Me, My Anger, and Jessica Jones
How the TV series gets trauma and survival right
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We were five minutes into the first episode of Jessica Jones when my husband asked me if I was going to be okay. It was right about when Jessica watches Luke Cage from a fire escape. While that scene isn’t especially triggering, it was still a valid question. As early as it was in the show, it was already pretty clear that Jessica Jones has PTSD, which, coincidentally, I had just been diagnosed with. More to the point, Jessica Jones is mad.
“You look angry. Are you okay?”
I can’t tell you how many times I’ve heard that from lovers, partners, friends, my parents, strangers on the street…. And yet, no matter how many times I heard it, the question always surprised me.
“I’m not mad. I’m fine.”
Denial. Reassurance. Always aimed at the questioner, though the real target was me. I had to be fine. I couldn’t not be fine, and I certainly couldn’t be mad for no apparent reason. If I were to contemplate how angry I actually was, I would have to acknowledge why, and that was something I spent the better part of my life trying to avoid.
If I were to contemplate how angry I actually was, I would have to acknowledge why, and that was something I spent the better part of my life trying to avoid.
I was molested when I was four. Molested. I hate that word. It’s ugly. It’s confrontational. It’s blunt. It’s uncomfortable. It’s also true, which is why I’ve left it in. It would be much easier for me say that I was abused. Abused is comfortingly vague. It implies terrible things without going into details. Molested, by comparison, is specific and precise. It gets up in your face, which makes it far more germane, in this case, than abused.
The revulsion I feel for that word is a microcosmic slice of the anger people have always asked me about. The anatomy of that anger is both complicated and specific. It’s an anger that was never just anger, but a humiliating mixture of anger and shame (another word I hate). This very specific anger hardwired my brain when I was so young that it became a permanent part of my emotional landscape, which made burying it so easy that I didn’t know I’d done it. It’s like the difference between climate and weather. Anger was my climate while sadness, happiness, worry and the rest passed through like sunshine and storms. Compared to the consistency of climate, weather is conveniently distracting, so I ignored my anger for decades, until a series of realizations forced my perspective to shift.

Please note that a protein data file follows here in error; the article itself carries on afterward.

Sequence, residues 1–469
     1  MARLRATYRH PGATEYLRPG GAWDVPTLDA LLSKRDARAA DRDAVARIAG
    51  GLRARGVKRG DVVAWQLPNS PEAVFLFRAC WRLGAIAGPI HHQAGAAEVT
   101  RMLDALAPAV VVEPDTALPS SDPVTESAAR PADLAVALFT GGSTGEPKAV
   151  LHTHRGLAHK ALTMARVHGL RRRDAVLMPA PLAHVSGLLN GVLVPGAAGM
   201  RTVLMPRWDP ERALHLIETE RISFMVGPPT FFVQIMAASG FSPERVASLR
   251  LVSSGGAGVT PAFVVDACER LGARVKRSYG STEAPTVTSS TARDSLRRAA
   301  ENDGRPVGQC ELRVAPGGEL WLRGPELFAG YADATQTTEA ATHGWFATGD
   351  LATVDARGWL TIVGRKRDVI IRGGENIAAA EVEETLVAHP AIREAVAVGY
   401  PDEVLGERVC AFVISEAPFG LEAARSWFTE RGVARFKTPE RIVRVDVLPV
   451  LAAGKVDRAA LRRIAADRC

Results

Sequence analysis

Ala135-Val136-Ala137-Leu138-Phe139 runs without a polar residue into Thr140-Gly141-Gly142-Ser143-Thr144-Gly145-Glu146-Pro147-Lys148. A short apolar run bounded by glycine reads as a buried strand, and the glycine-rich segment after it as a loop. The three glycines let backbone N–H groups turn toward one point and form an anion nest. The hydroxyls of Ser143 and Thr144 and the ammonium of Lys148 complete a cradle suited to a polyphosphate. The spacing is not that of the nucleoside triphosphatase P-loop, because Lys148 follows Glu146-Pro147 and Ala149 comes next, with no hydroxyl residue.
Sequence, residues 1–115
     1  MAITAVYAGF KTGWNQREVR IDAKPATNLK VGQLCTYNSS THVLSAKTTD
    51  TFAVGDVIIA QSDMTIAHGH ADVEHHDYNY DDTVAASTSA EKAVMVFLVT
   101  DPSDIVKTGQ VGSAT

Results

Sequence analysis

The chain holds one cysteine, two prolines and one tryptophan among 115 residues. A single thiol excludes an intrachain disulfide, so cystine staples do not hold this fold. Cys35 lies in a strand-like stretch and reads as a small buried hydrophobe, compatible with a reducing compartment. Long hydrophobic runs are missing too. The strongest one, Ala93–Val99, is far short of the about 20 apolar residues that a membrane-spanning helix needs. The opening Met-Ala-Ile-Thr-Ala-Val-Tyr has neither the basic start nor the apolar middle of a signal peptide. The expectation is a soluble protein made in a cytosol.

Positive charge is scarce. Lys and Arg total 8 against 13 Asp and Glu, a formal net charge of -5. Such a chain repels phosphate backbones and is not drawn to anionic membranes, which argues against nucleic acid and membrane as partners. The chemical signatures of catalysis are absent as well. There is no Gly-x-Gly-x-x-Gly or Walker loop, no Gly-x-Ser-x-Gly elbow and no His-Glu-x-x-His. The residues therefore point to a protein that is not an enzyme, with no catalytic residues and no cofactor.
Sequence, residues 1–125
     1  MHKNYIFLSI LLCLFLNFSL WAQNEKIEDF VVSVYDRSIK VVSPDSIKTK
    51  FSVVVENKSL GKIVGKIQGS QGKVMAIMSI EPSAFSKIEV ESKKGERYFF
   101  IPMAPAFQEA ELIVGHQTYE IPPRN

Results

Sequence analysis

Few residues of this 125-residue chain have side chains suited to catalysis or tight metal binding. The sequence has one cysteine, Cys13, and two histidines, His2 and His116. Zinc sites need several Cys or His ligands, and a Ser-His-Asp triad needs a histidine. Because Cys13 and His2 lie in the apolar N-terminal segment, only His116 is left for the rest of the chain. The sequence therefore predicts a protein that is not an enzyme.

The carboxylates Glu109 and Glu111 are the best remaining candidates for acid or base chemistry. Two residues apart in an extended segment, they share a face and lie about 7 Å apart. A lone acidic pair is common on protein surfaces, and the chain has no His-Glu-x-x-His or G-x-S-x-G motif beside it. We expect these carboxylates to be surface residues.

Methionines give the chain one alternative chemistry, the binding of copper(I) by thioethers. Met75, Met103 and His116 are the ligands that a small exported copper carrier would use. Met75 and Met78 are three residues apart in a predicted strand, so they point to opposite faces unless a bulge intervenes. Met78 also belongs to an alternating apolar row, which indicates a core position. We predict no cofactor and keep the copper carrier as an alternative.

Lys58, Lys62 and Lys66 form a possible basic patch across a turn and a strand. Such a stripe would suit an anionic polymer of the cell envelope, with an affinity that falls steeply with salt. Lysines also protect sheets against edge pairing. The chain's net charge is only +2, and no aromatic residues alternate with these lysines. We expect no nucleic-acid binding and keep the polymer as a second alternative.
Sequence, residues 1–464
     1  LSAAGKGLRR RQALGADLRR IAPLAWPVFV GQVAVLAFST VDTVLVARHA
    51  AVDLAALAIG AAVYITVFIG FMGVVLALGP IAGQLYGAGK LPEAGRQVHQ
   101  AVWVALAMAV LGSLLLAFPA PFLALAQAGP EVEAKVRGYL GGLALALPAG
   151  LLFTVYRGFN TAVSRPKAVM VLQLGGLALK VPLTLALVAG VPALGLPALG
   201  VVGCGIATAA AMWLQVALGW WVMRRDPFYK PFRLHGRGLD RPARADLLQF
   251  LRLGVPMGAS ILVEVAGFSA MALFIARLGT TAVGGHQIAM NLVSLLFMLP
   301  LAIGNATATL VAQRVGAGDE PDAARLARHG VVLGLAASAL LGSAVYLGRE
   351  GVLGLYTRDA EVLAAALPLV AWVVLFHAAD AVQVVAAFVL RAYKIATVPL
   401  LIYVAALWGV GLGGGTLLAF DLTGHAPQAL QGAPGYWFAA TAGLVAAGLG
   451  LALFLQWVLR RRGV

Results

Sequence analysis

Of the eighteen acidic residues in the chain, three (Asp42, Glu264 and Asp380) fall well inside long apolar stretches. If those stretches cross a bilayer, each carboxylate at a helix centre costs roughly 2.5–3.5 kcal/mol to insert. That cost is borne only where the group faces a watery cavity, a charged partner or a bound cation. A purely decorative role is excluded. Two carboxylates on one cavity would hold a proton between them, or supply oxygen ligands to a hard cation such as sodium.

Anger was my climate while sadness, happiness, worry and the rest passed through like sunshine and storms.
These realizations were subtle and seemingly unconnected to the molestation. Social injustice, dystopias and stories of wrongful imprisonment made me physically ill. But while they don’t have anything obvious in common, they all explore aspects of the same thing — powerlessness in the face of emotional, social or institutional violence. While not the most obvious trigger, powerlessness underpins the trauma I experienced as a child, as well as the anger that grew out of it. Now, in hindsight, it makes intuitive sense, but no matter how many times I was triggered, it would be years before I could face it. I became an expert at denial, helped, in large part, by the fact that I looked nothing like trauma victims in pop culture and TV.